Of all the great players from the 1990s Dallas Cowboys glory days, Jean-Jacques Taylor writes, Darren Woodson has proved the most difficult to replace. The Cowboys may have overhauled their cornerback corps, but as they head into the 2012 season, that safety position remains a real question mark:
The position is important because the safety should be the quarterback of the defense, the guy who gets everyone lined up properly and makes the right adjustments based on the offensive formation, personnel and motion.
It helps the defense when one of its safeties is a thumper, a hard-hitter who makes others nervous when the ball is caught in the middle of the field.
A safety can also impact the defense if he excels at reading the quarterback and makes plays as a center fielder, knocking down passes that seem destined to be completed.
My biggest current issue with the Cowboys as we look ahead to 2012 is that I don't feel they did enough -- if anything -- to upgrade any aspect of their defense besides cornerback. And yes, cornerback was their biggest problem in 2011, but it wasn't their only defensive problem. Swapping out Abram Elam for Pool feels like a rearranging-deck-chairs-on-the-Titanic kind of move. And if front-seven players like Jason Hatcher are looking around wondering where the team's leaders are, it's probably no coincidence that no one has been able to step forward from the safety position in recent years and fill that role.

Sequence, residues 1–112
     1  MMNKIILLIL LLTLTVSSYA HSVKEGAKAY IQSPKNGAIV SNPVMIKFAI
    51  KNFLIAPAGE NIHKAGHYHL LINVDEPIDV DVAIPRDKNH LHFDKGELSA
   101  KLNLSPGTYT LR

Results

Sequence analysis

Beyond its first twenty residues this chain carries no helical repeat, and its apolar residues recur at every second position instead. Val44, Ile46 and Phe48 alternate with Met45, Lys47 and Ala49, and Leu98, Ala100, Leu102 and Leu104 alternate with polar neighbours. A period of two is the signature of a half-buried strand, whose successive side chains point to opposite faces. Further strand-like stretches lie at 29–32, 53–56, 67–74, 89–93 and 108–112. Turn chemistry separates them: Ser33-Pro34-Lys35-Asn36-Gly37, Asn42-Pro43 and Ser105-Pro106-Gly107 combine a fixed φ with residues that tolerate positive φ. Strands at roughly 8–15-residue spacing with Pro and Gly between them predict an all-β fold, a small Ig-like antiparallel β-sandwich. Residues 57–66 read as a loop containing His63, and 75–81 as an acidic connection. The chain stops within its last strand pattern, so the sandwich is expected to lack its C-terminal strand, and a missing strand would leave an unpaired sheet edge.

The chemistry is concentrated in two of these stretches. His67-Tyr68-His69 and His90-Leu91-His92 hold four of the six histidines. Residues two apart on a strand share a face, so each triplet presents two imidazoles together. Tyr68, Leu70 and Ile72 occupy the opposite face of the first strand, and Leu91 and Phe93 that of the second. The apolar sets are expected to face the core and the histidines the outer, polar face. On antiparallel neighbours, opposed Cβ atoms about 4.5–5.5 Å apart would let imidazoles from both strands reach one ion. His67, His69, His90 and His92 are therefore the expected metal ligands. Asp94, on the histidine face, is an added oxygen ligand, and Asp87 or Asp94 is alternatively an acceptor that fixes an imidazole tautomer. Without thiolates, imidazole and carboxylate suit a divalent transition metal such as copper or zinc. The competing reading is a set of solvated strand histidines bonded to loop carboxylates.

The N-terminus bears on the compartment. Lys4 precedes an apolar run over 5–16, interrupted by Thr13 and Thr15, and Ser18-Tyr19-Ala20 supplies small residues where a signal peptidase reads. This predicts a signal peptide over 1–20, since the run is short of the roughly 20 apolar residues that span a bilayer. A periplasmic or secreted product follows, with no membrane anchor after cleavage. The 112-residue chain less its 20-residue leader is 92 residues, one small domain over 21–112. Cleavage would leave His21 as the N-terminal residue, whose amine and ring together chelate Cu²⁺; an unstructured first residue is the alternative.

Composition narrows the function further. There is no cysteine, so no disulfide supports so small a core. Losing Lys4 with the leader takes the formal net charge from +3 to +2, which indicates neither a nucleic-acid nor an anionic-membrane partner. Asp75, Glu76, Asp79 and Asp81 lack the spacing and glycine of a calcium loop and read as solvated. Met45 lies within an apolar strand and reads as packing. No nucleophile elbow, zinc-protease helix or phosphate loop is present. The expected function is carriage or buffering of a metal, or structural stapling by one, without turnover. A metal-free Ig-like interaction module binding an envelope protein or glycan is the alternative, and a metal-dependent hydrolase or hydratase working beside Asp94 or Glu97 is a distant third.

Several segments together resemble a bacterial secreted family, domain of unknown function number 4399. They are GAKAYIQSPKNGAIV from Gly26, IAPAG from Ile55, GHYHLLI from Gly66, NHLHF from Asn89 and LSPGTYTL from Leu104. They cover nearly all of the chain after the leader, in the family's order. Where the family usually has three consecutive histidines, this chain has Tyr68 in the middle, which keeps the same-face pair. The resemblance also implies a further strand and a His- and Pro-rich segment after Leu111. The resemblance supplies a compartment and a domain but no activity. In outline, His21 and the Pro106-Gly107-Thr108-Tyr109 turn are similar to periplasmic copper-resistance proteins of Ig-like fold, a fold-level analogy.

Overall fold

The big things with defense in the NFL these days are pass-rushers and cover guys. The thought is that you can't have too many of either. The Cowboys added good cover cornerbacks in Brandon Carr and Morris Claiborne, but they didn't add a pass-rusher, and I'm with Jacques in believing they still don't have what they need at safety. And I'm not sure they've done enough to make the leap to be one of the league's top defenses. They don't have to be the best defensive team, because they should be one of the best offensive teams. But they do need to be better at stopping opposing passing games than they have been the past two years. And while they worked hard on one aspect of that, there are others that still seem woefully under-addressed.